Qlik Channel Exec Cunningham Exits To Take New Post At Splunk

Channel marketing executive Brooke Cunningham is leaving her job at business intelligence software vendor Qlik to take a partner program management post at Splunk, a fast-growing developer of big data analysis software, CRN has learned.

Cunningham's departure comes just a week before Qlik Qonnections 2016, Qlik's annual partner and customer conference in Orlando, Fla.

Cunningham's departure from Qlik and her hiring by Splunk were confirmed by spokespeople at each company. Cunningham could not be reached for comment before publication time.

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Cunningham is joining Splunk as area vice president of worldwide partner programs and operations, a Splunk spokesperson confirmed. An outside source said she is scheduled to start work at San Francisco-based Splunk next week, when the company is expected to officially announce her appointment.

"Brooke's experience across the partner ecosystem and her proven ability to drive high-growth partner programs and strategies makes her a natural fit to continue the expansion of the Splunk Partner+ Program," said Dave Schwartz, area vice president of global strategic alliances at Splunk, in a statement provided to CRN.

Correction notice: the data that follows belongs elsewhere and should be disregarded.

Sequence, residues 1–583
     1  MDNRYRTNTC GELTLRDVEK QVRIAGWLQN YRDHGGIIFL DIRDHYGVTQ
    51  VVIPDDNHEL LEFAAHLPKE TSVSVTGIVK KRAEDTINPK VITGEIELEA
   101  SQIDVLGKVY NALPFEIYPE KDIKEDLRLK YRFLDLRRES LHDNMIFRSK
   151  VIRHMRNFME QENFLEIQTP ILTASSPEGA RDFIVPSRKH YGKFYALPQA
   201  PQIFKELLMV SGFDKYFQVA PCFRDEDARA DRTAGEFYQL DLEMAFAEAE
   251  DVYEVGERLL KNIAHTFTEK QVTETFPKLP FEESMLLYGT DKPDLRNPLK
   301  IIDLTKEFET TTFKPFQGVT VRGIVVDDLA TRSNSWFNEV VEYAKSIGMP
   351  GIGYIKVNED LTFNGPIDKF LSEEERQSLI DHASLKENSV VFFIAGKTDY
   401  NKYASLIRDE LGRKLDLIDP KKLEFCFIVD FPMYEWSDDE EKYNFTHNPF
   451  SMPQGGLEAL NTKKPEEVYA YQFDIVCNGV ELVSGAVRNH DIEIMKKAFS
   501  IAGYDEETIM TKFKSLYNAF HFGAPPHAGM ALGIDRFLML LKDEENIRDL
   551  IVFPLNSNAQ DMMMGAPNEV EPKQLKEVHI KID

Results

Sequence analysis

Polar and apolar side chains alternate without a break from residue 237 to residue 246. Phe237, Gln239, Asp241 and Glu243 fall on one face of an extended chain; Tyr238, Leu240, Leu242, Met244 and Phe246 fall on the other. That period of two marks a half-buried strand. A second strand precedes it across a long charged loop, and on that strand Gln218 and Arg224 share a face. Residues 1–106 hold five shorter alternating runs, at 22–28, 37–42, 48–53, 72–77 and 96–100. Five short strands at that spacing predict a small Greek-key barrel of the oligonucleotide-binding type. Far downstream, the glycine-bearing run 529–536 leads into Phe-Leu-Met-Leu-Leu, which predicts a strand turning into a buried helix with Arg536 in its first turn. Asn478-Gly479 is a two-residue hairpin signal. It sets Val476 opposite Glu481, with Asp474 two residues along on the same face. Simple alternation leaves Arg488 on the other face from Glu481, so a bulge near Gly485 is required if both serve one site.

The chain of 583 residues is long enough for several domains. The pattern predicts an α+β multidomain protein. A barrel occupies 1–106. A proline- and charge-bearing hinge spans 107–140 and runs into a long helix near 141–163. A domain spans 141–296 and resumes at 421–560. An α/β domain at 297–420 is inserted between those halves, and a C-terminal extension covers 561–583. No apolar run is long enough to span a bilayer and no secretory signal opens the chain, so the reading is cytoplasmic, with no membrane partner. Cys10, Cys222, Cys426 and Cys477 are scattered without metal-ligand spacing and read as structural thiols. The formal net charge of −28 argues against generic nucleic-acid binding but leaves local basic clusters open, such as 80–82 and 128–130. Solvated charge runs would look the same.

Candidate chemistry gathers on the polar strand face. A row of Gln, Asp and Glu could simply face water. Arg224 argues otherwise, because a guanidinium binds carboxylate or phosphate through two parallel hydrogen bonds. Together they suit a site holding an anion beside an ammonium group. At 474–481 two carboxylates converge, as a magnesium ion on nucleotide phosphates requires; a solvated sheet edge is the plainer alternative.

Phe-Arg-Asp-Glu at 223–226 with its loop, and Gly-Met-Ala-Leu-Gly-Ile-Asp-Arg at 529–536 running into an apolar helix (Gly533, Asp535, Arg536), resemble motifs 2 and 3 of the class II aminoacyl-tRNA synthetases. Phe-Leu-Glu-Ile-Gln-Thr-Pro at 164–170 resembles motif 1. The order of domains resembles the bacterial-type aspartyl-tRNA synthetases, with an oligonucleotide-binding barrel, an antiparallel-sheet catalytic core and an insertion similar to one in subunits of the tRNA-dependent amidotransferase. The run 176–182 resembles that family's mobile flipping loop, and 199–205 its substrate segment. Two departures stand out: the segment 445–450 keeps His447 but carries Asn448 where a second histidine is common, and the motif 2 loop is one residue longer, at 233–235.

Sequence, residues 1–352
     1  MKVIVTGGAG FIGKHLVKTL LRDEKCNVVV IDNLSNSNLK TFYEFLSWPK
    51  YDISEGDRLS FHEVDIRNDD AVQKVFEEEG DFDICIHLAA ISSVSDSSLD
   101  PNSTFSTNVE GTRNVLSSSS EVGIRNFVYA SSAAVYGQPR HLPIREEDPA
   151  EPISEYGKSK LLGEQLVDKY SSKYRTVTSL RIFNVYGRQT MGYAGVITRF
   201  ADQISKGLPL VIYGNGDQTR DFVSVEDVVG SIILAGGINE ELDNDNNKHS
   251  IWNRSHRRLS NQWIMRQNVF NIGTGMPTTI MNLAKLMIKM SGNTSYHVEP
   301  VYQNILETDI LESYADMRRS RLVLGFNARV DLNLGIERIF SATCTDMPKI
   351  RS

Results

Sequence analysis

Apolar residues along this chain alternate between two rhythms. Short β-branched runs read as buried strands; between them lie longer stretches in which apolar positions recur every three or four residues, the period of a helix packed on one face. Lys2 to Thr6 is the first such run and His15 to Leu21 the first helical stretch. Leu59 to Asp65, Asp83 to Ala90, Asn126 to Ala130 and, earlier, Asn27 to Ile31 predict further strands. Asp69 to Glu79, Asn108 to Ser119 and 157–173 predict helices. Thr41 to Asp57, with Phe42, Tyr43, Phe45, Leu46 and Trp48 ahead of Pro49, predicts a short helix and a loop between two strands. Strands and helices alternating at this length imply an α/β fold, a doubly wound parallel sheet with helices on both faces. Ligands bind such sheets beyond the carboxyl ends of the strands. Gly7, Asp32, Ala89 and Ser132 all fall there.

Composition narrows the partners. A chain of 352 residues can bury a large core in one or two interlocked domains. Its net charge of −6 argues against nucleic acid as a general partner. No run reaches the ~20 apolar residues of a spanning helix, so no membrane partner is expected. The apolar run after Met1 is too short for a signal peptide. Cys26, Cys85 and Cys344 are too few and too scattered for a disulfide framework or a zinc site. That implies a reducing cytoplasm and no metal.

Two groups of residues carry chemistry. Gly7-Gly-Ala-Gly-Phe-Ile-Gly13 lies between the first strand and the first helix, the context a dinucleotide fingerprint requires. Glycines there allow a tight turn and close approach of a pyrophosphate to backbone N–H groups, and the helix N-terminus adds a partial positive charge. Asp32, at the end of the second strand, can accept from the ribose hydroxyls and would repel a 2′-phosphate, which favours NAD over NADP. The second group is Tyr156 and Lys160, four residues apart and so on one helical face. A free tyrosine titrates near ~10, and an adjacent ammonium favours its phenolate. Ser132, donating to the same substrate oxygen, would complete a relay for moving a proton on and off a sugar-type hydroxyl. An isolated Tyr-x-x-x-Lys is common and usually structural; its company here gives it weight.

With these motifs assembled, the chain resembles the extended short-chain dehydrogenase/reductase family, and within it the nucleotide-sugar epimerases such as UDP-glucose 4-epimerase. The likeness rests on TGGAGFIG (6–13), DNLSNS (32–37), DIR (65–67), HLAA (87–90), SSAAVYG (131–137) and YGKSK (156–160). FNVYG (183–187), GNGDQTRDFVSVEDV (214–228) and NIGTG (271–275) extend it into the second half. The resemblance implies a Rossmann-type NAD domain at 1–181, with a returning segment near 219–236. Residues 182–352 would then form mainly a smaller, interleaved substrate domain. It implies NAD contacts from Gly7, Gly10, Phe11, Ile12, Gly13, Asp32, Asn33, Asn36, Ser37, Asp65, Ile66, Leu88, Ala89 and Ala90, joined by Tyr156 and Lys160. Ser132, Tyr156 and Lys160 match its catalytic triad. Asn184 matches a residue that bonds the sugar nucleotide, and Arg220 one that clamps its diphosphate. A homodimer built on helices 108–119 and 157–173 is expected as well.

Cunningham has been at Qlik, based in Radnor, Pa., for four and a half years. She began working at the company in October 2011 as senior director of global partner marketing and was promoted to vice president of global partner marketing in August 2014.

Before joining Qlik, Cunningham held channel marketing posts at CA Technologies, SAP and Business Objects.

Chris Moore, Qlik's vice president of channels -- Americas, oversees the company's channel operations in the Americas. He joined Qlik in October after working as senior director of North America channels at Veeam Software for more than four years.

Christof Majer is vice president of global partner sales at Qlik, a post he has held for three years.

In March, Reuters reported that Qlik had begun exploring strategic alternatives, including a possible sale of the company, after coming under pressure from activist investor Elliott Management Corp. In early March, Elliott Management disclosed that it had acquired an 8.8 percent stake in the company.